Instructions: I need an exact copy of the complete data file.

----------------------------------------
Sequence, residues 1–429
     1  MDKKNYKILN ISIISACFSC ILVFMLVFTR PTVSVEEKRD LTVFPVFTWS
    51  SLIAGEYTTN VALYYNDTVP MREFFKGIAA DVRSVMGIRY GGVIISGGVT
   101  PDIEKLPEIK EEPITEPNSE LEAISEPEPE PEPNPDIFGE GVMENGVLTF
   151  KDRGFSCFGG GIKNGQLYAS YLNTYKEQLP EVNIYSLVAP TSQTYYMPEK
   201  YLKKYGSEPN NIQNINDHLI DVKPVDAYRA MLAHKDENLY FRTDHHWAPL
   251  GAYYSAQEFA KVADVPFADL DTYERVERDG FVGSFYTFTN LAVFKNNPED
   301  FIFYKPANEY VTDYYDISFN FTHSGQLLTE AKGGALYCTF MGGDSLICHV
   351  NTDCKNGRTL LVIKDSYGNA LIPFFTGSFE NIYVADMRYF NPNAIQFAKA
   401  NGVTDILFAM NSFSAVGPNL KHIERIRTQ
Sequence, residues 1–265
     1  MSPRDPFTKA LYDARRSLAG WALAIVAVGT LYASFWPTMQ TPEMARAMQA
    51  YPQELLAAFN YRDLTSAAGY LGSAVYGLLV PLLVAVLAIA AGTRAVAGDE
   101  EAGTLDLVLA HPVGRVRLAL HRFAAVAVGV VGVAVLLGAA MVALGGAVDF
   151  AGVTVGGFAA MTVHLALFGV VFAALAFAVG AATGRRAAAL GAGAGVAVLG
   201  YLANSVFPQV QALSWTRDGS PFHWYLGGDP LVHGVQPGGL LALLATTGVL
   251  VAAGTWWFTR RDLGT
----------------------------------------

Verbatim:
Sequence, residues 1–429
     1  MDKKNYKILN ISIISACFSC ILVFMLVFTR PTVSVEEKRD LTVFPVFTWS
    51  SLIAGEYTTN VALYYNDTVP MREFFKGIAA DVRSVMGIRY GGVIISGGVT
   101  PDIEKLPEIK EEPITEPNSE LEAISEPEPE PEPNPDIFGE GVMENGVLTF
   151  KDRGFSCFGG GIKNGQLYAS YLNTYKEQLP EVNIYSLVAP TSQTYYMPEK
   201  YLKKYGSEPN NIQNINDHLI DVKPVDAYRA MLAHKDENLY FRTDHHWAPL
   251  GAYYSAQEFA KVADVPFADL DTYERVERDG FVGSFYTFTN LAVFKNNPED
   301  FIFYKPANEY VTDYYDISFN FTHSGQLLTE AKGGALYCTF MGGDSLICHV
   351  NTDCKNGRTL LVIKDSYGNA LIPFFTGSFE NIYVADMRYF NPNAIQFAKA
   401  NGVTDILFAM NSFSAVGPNL KHIERIRTQ
Sequence, residues 1–265
     1  MSPRDPFTKA LYDARRSLAG WALAIVAVGT LYASFWPTMQ TPEMARAMQA
    51  YPQELLAAFN YRDLTSAAGY LGSAVYGLLV PLLVAVLAIA AGTRAVAGDE
   101  EAGTLDLVLA HPVGRVRLAL HRFAAVAVGV VGVAVLLGAA MVALGGAVDF
   151  AGVTVGGFAA MTVHLALFGV VFAALAFAVG AATGRRAAAL GAGAGVAVLG
   201  YLANSVFPQV QALSWTRDGS PFHWYLGGDP LVHGVQPGGL LALLATTGVL
   251  VAAGTWWFTR RDLGT